This is the place where I normally wax lyrical about the difficulties I’ve had ranking the following 10 films while pontificating on the shifting balance between shorts, features and TV shows dominating my viewing time. But shit, 2020 unleashed a global pandemic which forced us all to contend with actual life, death and livelihood problems so I think I’ll skip all that this time round. Yet because of Covid and the inordinate amount of time we’ve had to spend indoors, coupled with the shuttering of cinemas and the shift to online for several film festivals, 2020 is a year which has highlighted the deep importance of the moving image and provided hitherto unavailable opportunities to experience it. A respite from the world outside my door I’ve been thankful for on numerous occasions this year.
Honourable mentions: Host, His House, Possessor, The Reason I Jump, Cuties, Bacurau and First Cow.
10. CLASS ACTION PARK | Seth Porges & Chris Charles Scott
It’s all fun and games…until someone dies. Which you’d rightfully think would be the end of any waterpark. However, for New Jersey’s infamous Action Park, the risk of serious injury was both a draw for thrill seeking crowds and a regular occurrence. Packed with bewildering archive footage and headshaking recollections of those who survived their time at the deathtrap, Porges and Scott’s doc is a compelling example of truth being stranger than fiction.
9. WOLFWALKERS | Tomm Moore & Ross Stewart
The enchanting finale of animation powerhouse Cartoon Saloon’s Irish Folklore Trilogy (following hits The Secret of Kells and Song of the Sea) more than earns its place alongside its Oscar nominated predecessors. Beautifully exquisite in every frame, this is inarguable proof of the magic of handcrafted animation and the need for more stories forefronting strong female characters.
8. EMA | Pablo Larraín
A blistering performance from Mariana di Girolamo as the titular Ema – a reggaeton dancer whose decision to give up the difficult child she adopted with choreographer husband Gastón (Gael García Bernal) sparks an all consuming guilt which has to be assuaged by any means possible. A dance suffused, heart racing depiction of the ferocity of female desire, uncompromising personality and unconventional family dynamics.
7. LES MISÉRABLES | Ladj Ly
An assured jump from short to feature, Ly’s broiling award winning debut throws us headlong into the clashing forces of poverty, crime and police malfeasance with explosive results. With captivating performances across the board from his professional and non-professional cast, Ly has firmly established himself as one to watch.
6. SOUND OF METAL | Darius Marder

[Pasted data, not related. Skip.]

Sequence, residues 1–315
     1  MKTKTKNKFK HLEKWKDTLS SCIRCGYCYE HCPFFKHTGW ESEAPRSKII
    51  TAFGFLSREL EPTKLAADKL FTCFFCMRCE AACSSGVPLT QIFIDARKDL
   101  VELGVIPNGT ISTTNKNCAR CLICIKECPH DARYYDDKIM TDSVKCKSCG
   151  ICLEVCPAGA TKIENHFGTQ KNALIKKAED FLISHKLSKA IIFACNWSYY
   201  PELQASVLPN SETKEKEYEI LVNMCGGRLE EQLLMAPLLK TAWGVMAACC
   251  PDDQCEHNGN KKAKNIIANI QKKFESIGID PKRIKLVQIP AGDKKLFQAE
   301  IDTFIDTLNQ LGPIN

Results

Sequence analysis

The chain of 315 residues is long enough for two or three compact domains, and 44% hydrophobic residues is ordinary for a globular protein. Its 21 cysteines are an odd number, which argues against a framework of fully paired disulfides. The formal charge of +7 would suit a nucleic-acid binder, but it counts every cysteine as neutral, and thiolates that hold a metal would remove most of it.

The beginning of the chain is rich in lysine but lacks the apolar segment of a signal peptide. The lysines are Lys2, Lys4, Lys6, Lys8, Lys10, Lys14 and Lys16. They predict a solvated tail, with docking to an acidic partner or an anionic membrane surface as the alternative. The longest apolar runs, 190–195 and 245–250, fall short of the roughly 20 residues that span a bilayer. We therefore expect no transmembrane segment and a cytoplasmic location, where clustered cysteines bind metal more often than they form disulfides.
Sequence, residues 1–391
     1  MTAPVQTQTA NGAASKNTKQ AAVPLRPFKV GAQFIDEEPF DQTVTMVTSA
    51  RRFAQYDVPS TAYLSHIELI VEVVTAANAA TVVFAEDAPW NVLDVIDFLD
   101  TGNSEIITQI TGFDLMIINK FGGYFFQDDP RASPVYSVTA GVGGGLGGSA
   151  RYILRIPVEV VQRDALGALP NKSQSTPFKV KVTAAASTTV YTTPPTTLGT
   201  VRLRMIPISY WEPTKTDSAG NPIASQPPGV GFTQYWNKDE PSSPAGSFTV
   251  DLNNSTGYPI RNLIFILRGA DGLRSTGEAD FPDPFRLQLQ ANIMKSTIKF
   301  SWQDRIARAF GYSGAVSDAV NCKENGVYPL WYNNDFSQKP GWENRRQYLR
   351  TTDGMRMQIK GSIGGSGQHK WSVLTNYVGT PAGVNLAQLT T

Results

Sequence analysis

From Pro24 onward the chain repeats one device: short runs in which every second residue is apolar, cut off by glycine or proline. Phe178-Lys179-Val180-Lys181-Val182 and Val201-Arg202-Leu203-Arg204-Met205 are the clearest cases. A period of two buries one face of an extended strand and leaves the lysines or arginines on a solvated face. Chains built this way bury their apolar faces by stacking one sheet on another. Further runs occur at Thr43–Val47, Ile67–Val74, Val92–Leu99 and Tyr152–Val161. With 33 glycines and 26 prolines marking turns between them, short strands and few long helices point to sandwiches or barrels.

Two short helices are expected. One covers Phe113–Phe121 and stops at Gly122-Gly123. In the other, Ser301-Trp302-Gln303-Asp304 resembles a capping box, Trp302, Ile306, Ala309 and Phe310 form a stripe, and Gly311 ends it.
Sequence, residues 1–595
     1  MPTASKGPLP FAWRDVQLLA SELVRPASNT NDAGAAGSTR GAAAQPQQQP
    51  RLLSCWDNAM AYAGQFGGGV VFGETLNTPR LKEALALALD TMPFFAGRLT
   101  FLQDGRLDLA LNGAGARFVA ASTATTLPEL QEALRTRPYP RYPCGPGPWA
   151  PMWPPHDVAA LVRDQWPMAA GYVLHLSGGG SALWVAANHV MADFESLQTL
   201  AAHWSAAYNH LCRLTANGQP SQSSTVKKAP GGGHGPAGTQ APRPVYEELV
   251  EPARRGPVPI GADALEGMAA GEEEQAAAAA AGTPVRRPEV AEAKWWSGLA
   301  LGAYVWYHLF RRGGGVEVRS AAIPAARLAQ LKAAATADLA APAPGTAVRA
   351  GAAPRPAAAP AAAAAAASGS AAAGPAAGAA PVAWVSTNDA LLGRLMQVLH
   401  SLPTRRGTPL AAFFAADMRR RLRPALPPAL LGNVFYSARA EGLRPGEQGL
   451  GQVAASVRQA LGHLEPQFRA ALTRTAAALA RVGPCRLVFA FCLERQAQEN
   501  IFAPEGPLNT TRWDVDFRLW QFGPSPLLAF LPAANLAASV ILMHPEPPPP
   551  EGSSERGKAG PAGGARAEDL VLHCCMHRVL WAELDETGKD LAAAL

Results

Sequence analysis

Could Riz Ahmed of had a better career year than he did in 2020? Having co-written and starred in Bassam Tariq’s debut Mogul Mowgli, released his second album The Long Goodbye to critical acclaim, his stand out performance as an ex-addict punk-metal drummer forced to re-evaluate his very existence when he suddenly loses his hearing in Sound of Metal is just downright greedy. This is also a film which brilliantly showcases the hidden art of sound design, bringing it to the fore as a means of anchoring us in the fear and frustration of its protagonist.
5. SHE DIES TOMORROW | Amy Seimetz
Have you ever concentrated on the rhythm of your breathing only to become panicked that the moment you stop paying attention you’ll breathe your last…or is that just me? That’s the experience I had watching Amy Seimetz’s mesmeric She Dies Tomorrow. It’s a film which totally envelopes you in the infectious virality of an idea which despite its seeming absurdity can’t be resisted, only succumbed to and passed on. Sound familiar?
4. NEW ORDER (NUEVO ORDEN) | Michel Franco
Beginning with a satisfying eat the rich disruption of a high society wedding spilling over from a working class uprising, Michel Franco’s authored (he wrote, directed, produced and edited) feature New Order rapidly descends into the dystopic depths of a near-future Mexico riddled with corruption, greed and unbearable violence. Providing no respite from its barrage of injustices this is a film endured rather than enjoyed.
3. ANOTHER ROUND | Thomas Vinterberg
Obviously, I knew I loved Mads Mikkelsen before his turn in Thomas Vinterberg’s Another Round but, to belabour the point, I bloody loved watching him portray various stages of inebriation as a family man and burnt out teacher who longs to reignite his spark. What begins as the tipsy confidence boost of an early evening beer buzz lingers long past kick out time into the messy consequences of a debilitating hangover. Plus, is there anything more joyous than watching Mikkelsen leap and spin through the air with wild abandon? I didn’t think so.
2. LOVERS ROCK | Steve McQueen
Across the entire Small Axe series of films Steve McQueen demonstrates that hallmarks of exceptional filmmaking are perspective and passion, both of which were fully marshalled to produce five distinctive stories about the Black British experience. Perhaps a reflection of the pining brought on by 2020’s lockdown existence, for me Lovers Rock is the clear standout of this impressive collection – I’d happily give the shirt off my back to be part of the stomping, writhing, bass blasted Kunta Kint dancefloor. This a Mercury Sound!
1. THE PAINTER AND THE THIEF | Benjamin Ree
The concept alone, two paintings lovingly stolen (the thieves spent a long time removing the canvas staples individually rather cutting the artwork from their frames) from the window of an Oslo gallery in broad daylight, and the subsequent co-dependent relationship formed between the artist and the thief is enough to make you want to press your nose against the glass for a closer look. However, what Benjamin Ree achieves with his beguiling documentary is an infinity richer experience than its clickbaity headline suggests.
You can check out the rest of team DN’s Top Ten picks here.